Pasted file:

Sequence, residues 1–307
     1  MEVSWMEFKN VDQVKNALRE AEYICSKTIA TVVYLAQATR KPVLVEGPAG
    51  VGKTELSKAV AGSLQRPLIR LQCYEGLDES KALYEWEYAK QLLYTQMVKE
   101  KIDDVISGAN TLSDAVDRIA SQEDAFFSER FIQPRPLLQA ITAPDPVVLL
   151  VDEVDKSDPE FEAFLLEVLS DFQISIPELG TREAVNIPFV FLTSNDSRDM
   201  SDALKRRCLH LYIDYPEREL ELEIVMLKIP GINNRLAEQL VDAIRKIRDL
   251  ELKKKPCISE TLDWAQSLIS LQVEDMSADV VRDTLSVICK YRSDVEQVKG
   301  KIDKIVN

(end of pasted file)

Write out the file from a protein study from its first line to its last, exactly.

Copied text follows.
Sequence, residues 1–307
     1  MEVSWMEFKN VDQVKNALRE AEYICSKTIA TVVYLAQATR KPVLVEGPAG
    51  VGKTELSKAV AGSLQRPLIR LQCYEGLDES KALYEWEYAK QLLYTQMVKE
   101  KIDDVISGAN TLSDAVDRIA SQEDAFFSER FIQPRPLLQA ITAPDPVVLL
   151  VDEVDKSDPE FEAFLLEVLS DFQISIPELG TREAVNIPFV FLTSNDSRDM
   201  SDALKRRCLH LYIDYPEREL ELEIVMLKIP GINNRLAEQL VDAIRKIRDL
   251  ELKKKPCISE TLDWAQSLIS LQVEDMSADV VRDTLSVICK YRSDVEQVKG
   301  KIDKIVN